Writings in Bengali
Translated into English
The Secret of the Veda
The Veda Samhita is the eternal source of the dharma, culture and spiritual knowledge of India. But the fountain-head of this source is lost in the cave of an inaccessible mountain and even its initial course is hidden under the strange vines, bushes and flowering trees of a thorny forest, deep and very ancient. The Veda is mysterious. The language, the manner of expression and the form of thinking have been created by another age; they are the product of a different type of mentality. On one hand, it is extremely simple like the flow of a pure and swift mountain stream; yet, on the other, this process of thinking appears so complex to us, the meaning of its language so uncertain that from very ancient times disagreements and discussions have continued regarding its essential thought and even regarding the simple words used in every line. Upon reading the commentary of the great scholar Sayanacharya, one gets the impression that a coherent sense of the Veda never did exist, or else what was there got submerged in the sea of oblivion of all-devouring Time even long before the Brahmanas, which came after the Vedas, were composed.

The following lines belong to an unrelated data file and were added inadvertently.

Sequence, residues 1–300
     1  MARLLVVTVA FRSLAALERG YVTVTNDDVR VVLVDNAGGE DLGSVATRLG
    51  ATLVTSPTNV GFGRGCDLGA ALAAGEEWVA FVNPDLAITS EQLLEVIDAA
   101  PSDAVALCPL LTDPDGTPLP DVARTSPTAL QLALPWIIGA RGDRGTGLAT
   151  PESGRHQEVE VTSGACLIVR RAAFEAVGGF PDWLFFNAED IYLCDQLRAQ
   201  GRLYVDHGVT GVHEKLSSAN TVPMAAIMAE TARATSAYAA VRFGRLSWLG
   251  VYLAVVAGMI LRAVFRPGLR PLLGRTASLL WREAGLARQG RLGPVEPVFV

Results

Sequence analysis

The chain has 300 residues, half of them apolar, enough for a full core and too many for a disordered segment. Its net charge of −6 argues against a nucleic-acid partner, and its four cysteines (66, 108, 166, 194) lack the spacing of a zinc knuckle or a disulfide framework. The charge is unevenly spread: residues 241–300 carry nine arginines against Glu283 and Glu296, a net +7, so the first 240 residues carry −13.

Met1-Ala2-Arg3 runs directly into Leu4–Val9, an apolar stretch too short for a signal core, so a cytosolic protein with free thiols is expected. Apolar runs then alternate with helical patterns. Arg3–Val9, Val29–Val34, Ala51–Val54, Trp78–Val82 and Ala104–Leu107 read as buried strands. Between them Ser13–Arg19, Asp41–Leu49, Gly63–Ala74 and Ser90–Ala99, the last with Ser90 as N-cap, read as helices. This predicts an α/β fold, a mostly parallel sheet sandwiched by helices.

Sayana was in a quandary when he undertook to find the significance of the Veda. It was like some one who, wearied of pursuing a false light through darkness, stumbled often and fell into holes full of mire and filthy water, yet was unable to abandon the pursuit. The meaning of the fundamental Scripture of the Aryan dharma had to be found but the words were so enigmatic, the synthesis was made up of so many mysterious and profound entangled thoughts that in a thousand places it had no sense at all and, where somehow a meaning could be gleaned, the shadow of doubt fell across it. Many a time, discouraged by this perplexity, Sayana has put in the mouths of the Rishis such ungrammatical language, such complicated, jumbled and halting sentences, and attributed to them such disorderly and incoherent thought that upon reading his commentary, instead of calling this language and thought the Aryan language, the Aryan thought, one is tempted to treat them as the ravings of a barbarian or a lunatic. Sayana is not to be blamed. The ancient lexicographer Yaska also committed the same blunder, and long before him the authors of the Brahmanas, unable to discover the plain meaning of the Veda, made an unsuccessful attempt to interpret the difficult Riks with the help of their “mythopoetic faculty.” The historians, imitating this method, invested the Veda with a numerous pageantry of purely imaginary events twisting and obscuring its sacred and simple meaning. An example will illustrate the nature and the amount of distortion that the sense has suffered by this treatment. In the second Sukta of the fifth Mandala there is the mention about the compressed or the covered state of Agni and his vast manifestation after a long time. “Kumāraṃ mātā yuvatiḥ samubdham guhā bibharti ne dadāti pitre... kametaṃ tvaṃ yuvate kumāram peṣī bibharṣi mahiṣī jajāna. Pūrvīrhi garbhaḥ śarado... yadasūta mātā.” It means, “The young Mother carries the boy suppressed in the secret cavern and she gives him not to the Father; his force is undiminished, men see him in front established inwardly in the movement. Who is this boy, O young Mother, whom thou carriest in thyself when thou art compressed into form, but when thou art vast thou hast given him birth? Through many years grew the child in the womb, I saw him born when the Mother brought him forth.” The language of the Veda is everywhere a little dense, compact and pregnant with meaning; it tries to express a wealth of significance in a few words yet without ever impairing the simplicity of the meaning and the harmony of the thought. Historians could not understand this straightforward meaning that when the mother is compressed or contracted, then the boy is also suppressed or covered. They did not notice or seize the harmony between the language and the thought of the Rishi. They understood, by the word peṣī, some fiendish woman who stole the power of Agni; the word mahiṣī suggested to them ‘a queen’ and the words kumāra samubdha conveyed to them that a young Brahmin was crushed to death under the wheels of a chariot. Quite a long legend based on this interpretation was fabricated, with the result that the meaning of the Riks became unintelligible. Who was the young man? or the Mother? or the fiendish woman? Was it the story of Agni or of the young Brahmin? Who is speaking to whom and about what? Everything is in confusion. Everywhere there is such a torture. Pointless tyranny of imagination has distorted and mutilated the simple yet profound meaning of the Veda and at places where the language and the thought are a little involved, by the grace of the commentator the incomprehensibility has assumed a frightfully hideous appearance.